What is Diabetes?
Diabetes is a metabolic disorder characterised by abnormally high levels of blood glucose (blood sugar). In people suffering from diabetes, the body is unable to properly process food for use as energy. Let's put it this way - most of the food we eat turns into glucose or sugar, which our body uses for energy. The pancreas makes a hormone called 'insulin' to help glucose penetrate into the cells of the body. At times, the body doesn't make enough or any insulin. As a result, the glucose (or sugar) stays in the blood and over time causes health problems. This is why many people refer to diabetes as “sugar”.
What is borderline diabetes?
The term borderline diabetes indicates that a person does not really have diabetes, but a milder version of the disease, which can turn into full-blown diabetes if precautions are not taken.
What are the types of diabetes?
There are two types of diabetes: Type-1 and Type-2
Type-1 diabetes explained:
Type-1 diabetes was earlier known as insulin-dependent diabetes mellitus (IDDM). In people suffering from Type-1diabetes, the body does not make sufficient quantities of insulin. Type-1 diabetes is usually diagnosed in children and young adults, although it can appear at any age. People with Type-1 diabetes need to take insulin every day to keep going.
Autoimmune, genetic, and environmental factors are the reasons behind Type-1 diabetes.
Type-1 accounts for 5-10 per cent of all diagnosed cases of diabetes.
Type-2 diabetes explained:
Earlier known as non-insulin-dependent diabetes mellitus (NIDDM), Type 2 diabetes accounts for about 90 to 95 per cent of all diagnosed cases of diabetes. It occurs when the body doesn't produce sufficient insulin or when the glucose stays in the blood and the body fails to utilise it as fuel for energy. Type-2 diabetes is often linked to obesity. However, other risk factors include old age, impaired glucose tolerance, physical inactivity, family history of diabetes, smoking, etc.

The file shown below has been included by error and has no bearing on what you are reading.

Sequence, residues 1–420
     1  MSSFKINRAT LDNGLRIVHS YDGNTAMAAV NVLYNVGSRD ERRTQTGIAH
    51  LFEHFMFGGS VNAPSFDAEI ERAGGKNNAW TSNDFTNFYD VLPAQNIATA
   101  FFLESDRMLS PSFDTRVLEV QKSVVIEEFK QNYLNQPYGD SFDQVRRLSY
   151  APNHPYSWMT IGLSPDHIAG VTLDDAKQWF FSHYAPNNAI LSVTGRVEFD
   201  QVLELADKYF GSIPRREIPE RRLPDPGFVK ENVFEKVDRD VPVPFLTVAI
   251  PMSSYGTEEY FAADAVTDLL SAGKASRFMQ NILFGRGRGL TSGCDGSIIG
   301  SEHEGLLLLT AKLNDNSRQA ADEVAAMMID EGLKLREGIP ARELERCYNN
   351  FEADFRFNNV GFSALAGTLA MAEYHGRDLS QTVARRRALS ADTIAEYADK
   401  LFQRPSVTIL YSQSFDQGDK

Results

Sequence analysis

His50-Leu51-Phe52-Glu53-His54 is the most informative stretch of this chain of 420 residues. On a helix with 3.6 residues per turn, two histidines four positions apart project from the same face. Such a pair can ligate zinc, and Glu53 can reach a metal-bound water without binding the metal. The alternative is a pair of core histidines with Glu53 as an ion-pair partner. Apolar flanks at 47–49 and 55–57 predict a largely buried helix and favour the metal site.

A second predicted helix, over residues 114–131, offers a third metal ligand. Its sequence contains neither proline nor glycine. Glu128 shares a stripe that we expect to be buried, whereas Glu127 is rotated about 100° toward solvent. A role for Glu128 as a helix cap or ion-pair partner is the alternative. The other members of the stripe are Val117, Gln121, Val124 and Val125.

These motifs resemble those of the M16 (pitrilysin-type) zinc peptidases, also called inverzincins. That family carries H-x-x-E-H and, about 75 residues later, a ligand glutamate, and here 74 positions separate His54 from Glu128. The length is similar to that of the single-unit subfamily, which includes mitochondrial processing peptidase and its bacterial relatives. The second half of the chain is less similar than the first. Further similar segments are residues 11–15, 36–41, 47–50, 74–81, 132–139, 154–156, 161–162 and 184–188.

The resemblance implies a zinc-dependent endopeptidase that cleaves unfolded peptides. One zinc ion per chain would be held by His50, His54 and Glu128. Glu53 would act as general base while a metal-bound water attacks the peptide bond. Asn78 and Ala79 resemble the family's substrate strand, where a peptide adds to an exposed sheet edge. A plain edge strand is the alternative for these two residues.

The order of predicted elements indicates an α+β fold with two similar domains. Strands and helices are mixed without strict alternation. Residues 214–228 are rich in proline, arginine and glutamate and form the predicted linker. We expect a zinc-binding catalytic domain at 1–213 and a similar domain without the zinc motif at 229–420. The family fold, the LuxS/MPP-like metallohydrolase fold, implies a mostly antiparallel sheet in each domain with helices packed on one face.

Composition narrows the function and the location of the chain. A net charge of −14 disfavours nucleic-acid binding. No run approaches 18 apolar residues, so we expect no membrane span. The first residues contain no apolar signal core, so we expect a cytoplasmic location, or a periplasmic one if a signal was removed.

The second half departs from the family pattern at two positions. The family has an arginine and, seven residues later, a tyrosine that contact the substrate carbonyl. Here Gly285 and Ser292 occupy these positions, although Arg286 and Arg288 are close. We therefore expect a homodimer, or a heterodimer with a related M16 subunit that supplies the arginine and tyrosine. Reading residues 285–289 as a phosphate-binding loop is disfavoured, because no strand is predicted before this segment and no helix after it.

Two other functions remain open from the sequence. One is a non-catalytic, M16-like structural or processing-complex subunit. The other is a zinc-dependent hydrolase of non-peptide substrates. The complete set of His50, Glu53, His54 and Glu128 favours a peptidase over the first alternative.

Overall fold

Other specific types of diabetes result from specific genetic syndromes, surgeries, drugs, malnutrition, infections, and other illnesses. They account for only 1 to 2 per cent of those diagnosed with diabetes.
What are the early signs of diabetes?
Some of the early signs of diabetes include
Excessive thirst and hunger, nausea, fatigue, weight gain or loss, frequent urination, darkening of the skin in areas of body creases, numbness in hands and feet, skin infections, etc.
Do note that symptoms of diabetes are the same in men and women.
What is pre-diabetes?
Pre-diabetes is a condition in which blood sugar levels are higher than normal, but a person does not yet have diabetes. People with pre-diabetes are at the risk of developing the disease.
What is the treatment for diabetes?
Although diabetes has no cure, steps can be taken to manage it and stay healthy.
Type-1 diabetes can be managed with insulin as well as dietary changes and exercise.
Type-2 diabetes can be dealt with non-insulin medication, insulin, weight reduction and dietary changes.
When is World Diabetes Day?
November 14 is celebrated as World Diabetes Day in over 170 countries. This day is meant to raise awareness about diabetes.
Why India should seriously give attention to diabetes?
Over 429 million people across the globe are suffering from diabetes. According to the Indian Medical Association, India has the second-highest diabetes population in the world and are four times more likely to develop the disorder.
One person dies every eight seconds because of diabetes and its related diseases, says IMA. The increasing trend of diabetes in India is due to lack of physical activities and healthy living environment.